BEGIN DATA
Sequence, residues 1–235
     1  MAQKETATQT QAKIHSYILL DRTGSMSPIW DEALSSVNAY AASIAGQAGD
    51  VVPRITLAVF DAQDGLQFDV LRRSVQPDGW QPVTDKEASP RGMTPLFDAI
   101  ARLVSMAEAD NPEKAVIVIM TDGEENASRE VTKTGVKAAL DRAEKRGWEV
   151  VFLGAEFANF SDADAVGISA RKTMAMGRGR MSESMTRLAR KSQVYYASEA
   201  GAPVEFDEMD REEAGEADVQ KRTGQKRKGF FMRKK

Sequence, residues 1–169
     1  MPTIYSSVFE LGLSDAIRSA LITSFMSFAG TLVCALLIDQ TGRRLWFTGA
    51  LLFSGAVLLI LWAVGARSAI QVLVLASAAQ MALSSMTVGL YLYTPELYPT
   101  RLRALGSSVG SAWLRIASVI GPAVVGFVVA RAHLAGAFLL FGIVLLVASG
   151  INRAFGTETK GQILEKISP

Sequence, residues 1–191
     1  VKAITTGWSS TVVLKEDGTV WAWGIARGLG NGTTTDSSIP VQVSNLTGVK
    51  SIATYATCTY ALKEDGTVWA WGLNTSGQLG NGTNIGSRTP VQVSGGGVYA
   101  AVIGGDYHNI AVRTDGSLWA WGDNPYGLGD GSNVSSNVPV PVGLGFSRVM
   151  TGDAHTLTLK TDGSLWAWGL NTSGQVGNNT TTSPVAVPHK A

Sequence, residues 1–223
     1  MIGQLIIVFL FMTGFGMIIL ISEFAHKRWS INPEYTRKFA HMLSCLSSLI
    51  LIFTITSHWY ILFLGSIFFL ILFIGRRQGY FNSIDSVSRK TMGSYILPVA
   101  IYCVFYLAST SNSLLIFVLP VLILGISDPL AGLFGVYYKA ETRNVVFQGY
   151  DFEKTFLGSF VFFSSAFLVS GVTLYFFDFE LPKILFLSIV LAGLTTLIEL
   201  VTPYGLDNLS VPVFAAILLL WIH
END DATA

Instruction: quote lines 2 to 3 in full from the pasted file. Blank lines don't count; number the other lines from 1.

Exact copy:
     1  MAQKETATQT QAKIHSYILL DRTGSMSPIW DEALSSVNAY AASIAGQAGD
    51  VVPRITLAVF DAQDGLQFDV LRRSVQPDGW QPVTDKEASP RGMTPLFDAI